Recently I asked my FB friends to send me a picture and promised them 1000 words. A friend hit me with this:
I said: okay, not normally the kind of picture you’ll find in my library, but – CHALLENGE ACCEPTED.
This is what ensued:
Chud looked in the mirror. It had finally arrived after 24 weeks and it fit like a glove. It looked better than Chud could ever have hoped; even the clearly photoshopped catalogue pictures hadn’t done justice to the chiselled abs, neatly carved biceps and overall “slab of beef” vibe his new body gave off in person. If Chud could’ve smiled, he would have had a manic grin from ear to ear. And after waiting so long, it was now time…to test it.
First things first, thought Chud, and took a step toward the mirror. Hmm, nicely balanced. Good takeoff and landing. Intuitive controls. Now, a step backward – nice. Easy to get the hang of. Time for something a little more challenging – a ninety-degree turn to the right, perhaps. Again, piece of cake. Chud had downloaded the user interface app at the time of purchase so as to familiarise himself with the controls; after 24 weeks studying them and using the practice modules, moving around for real already felt like second nature. He was ready for a challenge. He grabbed his runners.
As Chud pounded the pavement, intending to do at least a mile before stopping, he noticed something unusual. Not about himself, but about the other people on the street. They all seemed very interested in him, some to the point of staring. As he progressed on his run, he took more notice of the people he passed and of the people who passed him – the staring not only continued unabated but he now noticed something else behind it. At first he thought people were admiring the contours and angles of his body, as he’d initially hoped, but the way people were looking at him – intensely, a bit sideways, a little too wide-eyed to be the simple ogling of his dreams, glancing away when he attempted to meet their gaze – gave him pause. It was like they were wary, even afraid. Chud wondered what they could be afraid of, what they could possibly fear from him. He stopped running. The young couple who’d been walking towards him from the other end of the street also stopped. They froze briefly, as if deciding what to do, then turned at right angles and started to cross the street. They didn’t see the truck.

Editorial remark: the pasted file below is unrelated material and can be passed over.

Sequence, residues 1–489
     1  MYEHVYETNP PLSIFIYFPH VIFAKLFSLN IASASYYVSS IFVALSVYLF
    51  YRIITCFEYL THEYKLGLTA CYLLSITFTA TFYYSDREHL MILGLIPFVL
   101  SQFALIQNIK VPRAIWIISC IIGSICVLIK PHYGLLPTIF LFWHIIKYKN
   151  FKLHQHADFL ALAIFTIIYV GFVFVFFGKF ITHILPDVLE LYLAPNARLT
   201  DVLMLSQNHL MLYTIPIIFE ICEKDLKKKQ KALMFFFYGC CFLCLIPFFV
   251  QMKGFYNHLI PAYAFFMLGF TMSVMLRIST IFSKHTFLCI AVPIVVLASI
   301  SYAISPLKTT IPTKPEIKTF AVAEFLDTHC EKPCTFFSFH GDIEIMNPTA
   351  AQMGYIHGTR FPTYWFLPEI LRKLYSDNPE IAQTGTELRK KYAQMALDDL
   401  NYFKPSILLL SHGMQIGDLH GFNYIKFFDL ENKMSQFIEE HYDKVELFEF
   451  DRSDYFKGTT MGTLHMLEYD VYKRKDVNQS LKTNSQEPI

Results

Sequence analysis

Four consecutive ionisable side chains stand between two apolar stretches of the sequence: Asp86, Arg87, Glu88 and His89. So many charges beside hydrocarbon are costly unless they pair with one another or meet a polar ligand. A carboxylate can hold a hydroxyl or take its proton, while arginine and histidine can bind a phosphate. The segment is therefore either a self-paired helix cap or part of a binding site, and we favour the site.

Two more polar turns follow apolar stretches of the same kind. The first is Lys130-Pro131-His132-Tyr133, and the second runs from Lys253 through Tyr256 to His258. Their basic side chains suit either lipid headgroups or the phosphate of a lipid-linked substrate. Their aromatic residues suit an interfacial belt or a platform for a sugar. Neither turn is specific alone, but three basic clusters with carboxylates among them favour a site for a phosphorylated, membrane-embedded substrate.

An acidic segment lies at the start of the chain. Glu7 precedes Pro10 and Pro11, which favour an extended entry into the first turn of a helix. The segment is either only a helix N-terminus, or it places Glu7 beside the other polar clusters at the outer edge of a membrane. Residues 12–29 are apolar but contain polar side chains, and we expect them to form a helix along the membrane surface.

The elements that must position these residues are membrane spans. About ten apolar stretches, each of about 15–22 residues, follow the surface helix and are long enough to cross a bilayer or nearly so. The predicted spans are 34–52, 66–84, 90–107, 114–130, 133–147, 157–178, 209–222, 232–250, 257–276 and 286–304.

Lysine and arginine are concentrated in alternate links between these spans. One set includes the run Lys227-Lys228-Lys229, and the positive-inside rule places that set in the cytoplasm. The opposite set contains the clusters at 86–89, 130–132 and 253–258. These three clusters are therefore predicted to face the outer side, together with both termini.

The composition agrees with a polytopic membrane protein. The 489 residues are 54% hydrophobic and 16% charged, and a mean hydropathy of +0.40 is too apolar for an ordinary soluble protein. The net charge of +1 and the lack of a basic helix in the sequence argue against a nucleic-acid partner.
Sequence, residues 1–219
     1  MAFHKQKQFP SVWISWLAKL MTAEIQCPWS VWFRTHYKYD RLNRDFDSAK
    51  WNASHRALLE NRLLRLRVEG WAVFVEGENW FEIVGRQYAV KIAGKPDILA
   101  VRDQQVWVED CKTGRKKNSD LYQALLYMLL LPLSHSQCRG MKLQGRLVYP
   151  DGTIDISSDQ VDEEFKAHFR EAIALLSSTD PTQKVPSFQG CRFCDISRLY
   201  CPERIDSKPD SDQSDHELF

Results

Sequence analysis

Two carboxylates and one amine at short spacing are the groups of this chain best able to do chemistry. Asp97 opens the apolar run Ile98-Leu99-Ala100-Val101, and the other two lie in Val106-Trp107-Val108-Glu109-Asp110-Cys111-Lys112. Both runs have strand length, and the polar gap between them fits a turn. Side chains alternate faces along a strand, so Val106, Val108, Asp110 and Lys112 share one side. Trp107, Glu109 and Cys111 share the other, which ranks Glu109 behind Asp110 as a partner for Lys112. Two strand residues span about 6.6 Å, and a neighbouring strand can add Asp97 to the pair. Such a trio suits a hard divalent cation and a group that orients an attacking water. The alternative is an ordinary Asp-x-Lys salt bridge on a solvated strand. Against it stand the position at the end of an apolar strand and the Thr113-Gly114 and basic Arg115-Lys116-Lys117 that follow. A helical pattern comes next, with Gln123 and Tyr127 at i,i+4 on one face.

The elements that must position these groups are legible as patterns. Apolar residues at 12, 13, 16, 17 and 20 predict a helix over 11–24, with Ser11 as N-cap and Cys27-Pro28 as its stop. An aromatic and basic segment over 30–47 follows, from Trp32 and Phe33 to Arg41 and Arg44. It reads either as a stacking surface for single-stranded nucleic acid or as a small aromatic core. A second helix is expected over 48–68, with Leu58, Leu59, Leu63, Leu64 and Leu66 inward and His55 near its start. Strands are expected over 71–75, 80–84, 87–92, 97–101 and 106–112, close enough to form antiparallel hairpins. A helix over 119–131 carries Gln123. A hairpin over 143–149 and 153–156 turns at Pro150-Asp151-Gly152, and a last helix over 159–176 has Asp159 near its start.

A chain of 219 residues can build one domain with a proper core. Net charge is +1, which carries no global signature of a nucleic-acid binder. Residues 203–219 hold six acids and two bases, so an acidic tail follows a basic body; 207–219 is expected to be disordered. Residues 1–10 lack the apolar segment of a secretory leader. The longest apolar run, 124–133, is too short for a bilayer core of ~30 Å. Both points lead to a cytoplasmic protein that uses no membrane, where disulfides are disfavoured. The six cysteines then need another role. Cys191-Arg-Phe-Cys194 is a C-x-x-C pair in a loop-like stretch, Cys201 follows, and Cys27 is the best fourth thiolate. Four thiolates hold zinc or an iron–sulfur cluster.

Chud saw it in all its dusty, engrimed glory and motioned towards them, intending to shout a warning, but even if he’d managed to do so he wouldn’t have been heard over the truck’s blaring horn and screeching tyres. Chud sprinted across the street, well aware of the damage he might suffer, and aimed for the couple. As he shoved them out of the path of the truck with his outstretched arm he felt a glancing blow on his opposite shoulder. His phone, still in his hand from when he was taking selfies of his new body, tumbled from his grasp and hit the pavement. It shut down. So did Chud.
Chud awoke, suddenly. Someone wearing a surgical mask was staring into his face. In his peripheral vision Chud could see his body, lying on a bed. His body had a badly bruised shoulder and other abrasions down one side. The bed itself was strange. No sheets. Just stark, cold, polished metal with what looked like a drainage hole at one end. That’s not actually a bed, is it, thought Chud. This is a morgue! They think I’m dead! This guy’s not a doctor – he’s going to cut my new rig up! Chud realised he had to get the attention of the coroner. He started to make every noise he could think of – singing, whistling, even making desperate beeping noises. The coroner glanced over at Chud with a slightly annoyed expression on his face. Chud kept making noises. The coroner semi-stomped over to Chud, picked him up from the tray, put a finger on his face and said “How do I make you shut up?”
“Oh, thank Christ you can hear me,” Chud sighed with great relief.
“Jesus, have I answered a call here? Hey, whoever you are, you’re on speaker. Speak up!”
“No, I’m here,” said Chud. “You’ve picked me up!”
“I know I picked up,” said the coroner, “I’m talking to you! Who is this?”
“No, I mean literally. You have literally picked me up.”
“You’re not making any sense here…”
“I’m not on the other end of the phone,” explained Chud, “I am the sodding phone!”
“Pull the other one. I don’t have time for this –“ at this point, Chud set off his camera flash. “Woah! Did I do that?” asked the coroner.
“No, that was me. That was – again, quite literally – ME.”
“How can you be a phone? Is this some hidden camera shit? Am I being pranked? Simon? SIMON! Are you screwing with me?” the coroner was shouting towards the door.
“No prank, doc. Seriously now, I need to know if my body will be okay.”
“Look, whoever you are and wherever you are, your – that – body is pretty much kaput. Didn’t even have a pulse when it got wheeled in here an hour ago. It’s missing a head, you know.”
“Eh?” Chud was indignant. “I’m it’s head, thanks very much!”
“Now you’re truly yanking it. I’m no spring chicken anymore but I’m not some demento. Even these new vat-grown bodies need heads.”
“Yeah, me. I. Am. Its. Head.” If there was a way to speak in bold type, Chud got pretty close.
“The hell? How does that even work?”
“There’s an app for that.”
Chud activated the user interface and booted up his body. After a quick diagnostic and a damage report, the brand-new, still-under-warranty iCandy 9000 sat up then stood shakily on its feet. “There,” Chud said, “good to go.”
“You need a doctor.”
“Nope. I need a Genius Bar.”
The coroner watched as the headless yet perfectly sculpted body made its way gingerly toward the door, one arm extended and holding its smartphone.
Chud was going to be alright.